To this end, instead of the traditional humanitarian assistance method of direct delivery of resources like food, medicine, or other equipment, Mercy Corps has adopted a new approach designed with resilience as a central feature. Our aim is to ensure that wellbeing like food security, economic status, and health are maintained or improved despite recurrent shocks.
Putting this into practice requires longer-term strategies that take into account the many factors that influence resilience and vulnerability at different levels of society – from household to community to region.
One example of our resilience-building is the USAID-funded Pastoralist Areas Resilience Improvement through Market Expansion project in Ethiopia, which relies largely on strengthening the market systems in which households participate. The PRIME programme does this in part through strategic subsidies aimed at supporting individuals and local businesses to expand their livelihood options – including support to develop and adopt new technologies, skills training, and improved access to natural resources.
Simultaneously, linkages are created between producers and consumers, potential employers and employees, suppliers and retailers, and communities and government institutions. By then providing support through ongoing research, demonstration, and training, these individuals and communities are given the help they need to access the global market and to sustain their gains.Promising insights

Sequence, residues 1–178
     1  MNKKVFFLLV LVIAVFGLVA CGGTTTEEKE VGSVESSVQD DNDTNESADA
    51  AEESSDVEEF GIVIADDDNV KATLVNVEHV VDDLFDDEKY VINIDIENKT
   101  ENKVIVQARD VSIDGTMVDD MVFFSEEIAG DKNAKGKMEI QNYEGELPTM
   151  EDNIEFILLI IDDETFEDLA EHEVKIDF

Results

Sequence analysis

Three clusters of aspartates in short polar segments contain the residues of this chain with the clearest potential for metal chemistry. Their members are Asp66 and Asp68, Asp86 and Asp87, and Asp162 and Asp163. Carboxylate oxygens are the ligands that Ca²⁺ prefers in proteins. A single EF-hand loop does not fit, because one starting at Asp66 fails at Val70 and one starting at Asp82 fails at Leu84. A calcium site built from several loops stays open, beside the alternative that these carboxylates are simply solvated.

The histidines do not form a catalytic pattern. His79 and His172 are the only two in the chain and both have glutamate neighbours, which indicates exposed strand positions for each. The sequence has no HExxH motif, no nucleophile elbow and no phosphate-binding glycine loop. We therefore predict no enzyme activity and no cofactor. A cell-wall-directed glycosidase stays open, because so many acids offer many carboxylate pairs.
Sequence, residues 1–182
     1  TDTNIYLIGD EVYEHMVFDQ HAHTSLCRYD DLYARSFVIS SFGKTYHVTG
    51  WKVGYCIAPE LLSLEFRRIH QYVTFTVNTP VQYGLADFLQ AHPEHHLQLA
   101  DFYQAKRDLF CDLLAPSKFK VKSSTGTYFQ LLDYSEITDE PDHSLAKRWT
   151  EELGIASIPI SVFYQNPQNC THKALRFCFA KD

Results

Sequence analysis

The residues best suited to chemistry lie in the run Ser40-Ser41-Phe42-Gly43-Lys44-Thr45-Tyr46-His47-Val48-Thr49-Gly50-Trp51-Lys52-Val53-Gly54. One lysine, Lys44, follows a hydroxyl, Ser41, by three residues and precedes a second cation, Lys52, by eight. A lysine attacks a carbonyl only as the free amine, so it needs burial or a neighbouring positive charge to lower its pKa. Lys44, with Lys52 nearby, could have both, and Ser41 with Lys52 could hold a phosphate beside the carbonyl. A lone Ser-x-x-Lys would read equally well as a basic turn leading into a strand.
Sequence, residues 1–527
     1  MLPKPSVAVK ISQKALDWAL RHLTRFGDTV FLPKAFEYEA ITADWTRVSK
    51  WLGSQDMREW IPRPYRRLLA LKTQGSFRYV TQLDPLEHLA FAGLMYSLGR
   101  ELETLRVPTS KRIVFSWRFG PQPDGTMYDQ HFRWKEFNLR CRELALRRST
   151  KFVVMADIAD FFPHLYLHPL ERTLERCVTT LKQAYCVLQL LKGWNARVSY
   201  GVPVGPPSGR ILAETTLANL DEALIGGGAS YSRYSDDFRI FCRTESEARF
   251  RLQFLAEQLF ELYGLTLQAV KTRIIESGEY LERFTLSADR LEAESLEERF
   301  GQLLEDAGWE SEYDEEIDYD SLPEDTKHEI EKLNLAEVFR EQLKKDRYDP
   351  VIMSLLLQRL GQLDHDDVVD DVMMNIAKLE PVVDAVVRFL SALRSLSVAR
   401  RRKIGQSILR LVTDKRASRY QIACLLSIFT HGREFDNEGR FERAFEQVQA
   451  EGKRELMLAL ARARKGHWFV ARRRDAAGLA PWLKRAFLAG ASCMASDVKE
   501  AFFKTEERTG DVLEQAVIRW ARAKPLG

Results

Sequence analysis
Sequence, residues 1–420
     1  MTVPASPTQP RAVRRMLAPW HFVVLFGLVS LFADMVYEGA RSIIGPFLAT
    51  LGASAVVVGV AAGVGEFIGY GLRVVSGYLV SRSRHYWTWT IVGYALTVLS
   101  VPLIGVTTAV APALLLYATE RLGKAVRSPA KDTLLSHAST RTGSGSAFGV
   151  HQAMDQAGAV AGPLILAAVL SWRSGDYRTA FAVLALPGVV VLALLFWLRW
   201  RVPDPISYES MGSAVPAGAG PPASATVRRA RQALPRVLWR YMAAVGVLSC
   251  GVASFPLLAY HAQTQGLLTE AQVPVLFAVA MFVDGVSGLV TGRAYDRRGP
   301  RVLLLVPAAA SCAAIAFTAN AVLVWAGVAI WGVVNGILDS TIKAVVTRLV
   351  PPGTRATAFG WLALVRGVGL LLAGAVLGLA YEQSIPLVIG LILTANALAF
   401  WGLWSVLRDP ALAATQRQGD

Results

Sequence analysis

This kind of resilience-focused programming sounds like a good idea – but does it actually work? Until recently, little evidence existed to address this question. But new Mercy Corps research offers some promising observations about the effectiveness of a resilience approach.
While such work has been evaluated before, no one to our knowledge has rigorously evaluated a programme‘s impact in real time in the context of a major shock. By conducting this study during a major drought cycle, we were able to leverage a rare opportunity.
Since PRIME began in 2012, we were already well established in the drought-affected regions. The unique circumstances in Ethiopia allowed us to match households targeted by the PRIME project with a statistically similar group of other households not targeted by PRIME – giving us insight into whether this major investment in drought resilience actually worked as intended.
The study showed that interventions enabled families to maintain their wellbeing in the face of the worst drought in decades. Specifically, these households were significantly more likely to be able to keep their families nourished, had greater assets and less vulnerability to poverty, and maintained healthier livestock and fewer animal deaths. The bottom line: These communities were better able to take care of themselves and less likely to require direct emergency assistance in the form of food aid or otherwise.